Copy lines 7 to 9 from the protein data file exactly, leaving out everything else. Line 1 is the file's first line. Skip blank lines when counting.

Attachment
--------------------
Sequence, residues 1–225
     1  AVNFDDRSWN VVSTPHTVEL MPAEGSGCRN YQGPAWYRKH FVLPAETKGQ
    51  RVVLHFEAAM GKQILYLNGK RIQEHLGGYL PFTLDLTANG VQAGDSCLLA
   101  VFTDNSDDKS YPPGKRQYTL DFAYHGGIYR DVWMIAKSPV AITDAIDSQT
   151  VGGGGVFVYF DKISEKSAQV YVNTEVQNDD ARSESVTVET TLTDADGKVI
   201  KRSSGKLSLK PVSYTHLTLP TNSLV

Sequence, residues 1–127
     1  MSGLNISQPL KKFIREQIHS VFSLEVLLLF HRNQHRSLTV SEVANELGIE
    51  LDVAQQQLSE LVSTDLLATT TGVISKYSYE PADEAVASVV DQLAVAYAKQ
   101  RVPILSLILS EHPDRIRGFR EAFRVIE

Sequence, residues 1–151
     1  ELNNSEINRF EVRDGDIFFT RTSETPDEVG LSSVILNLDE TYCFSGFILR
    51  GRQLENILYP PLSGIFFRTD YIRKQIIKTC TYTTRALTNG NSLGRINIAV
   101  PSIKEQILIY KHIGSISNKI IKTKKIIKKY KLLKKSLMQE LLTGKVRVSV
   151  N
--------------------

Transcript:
Sequence, residues 1–127
     1  MSGLNISQPL KKFIREQIHS VFSLEVLLLF HRNQHRSLTV SEVANELGIE
    51  LDVAQQQLSE LVSTDLLATT TGVISKYSYE PADEAVASVV DQLAVAYAKQ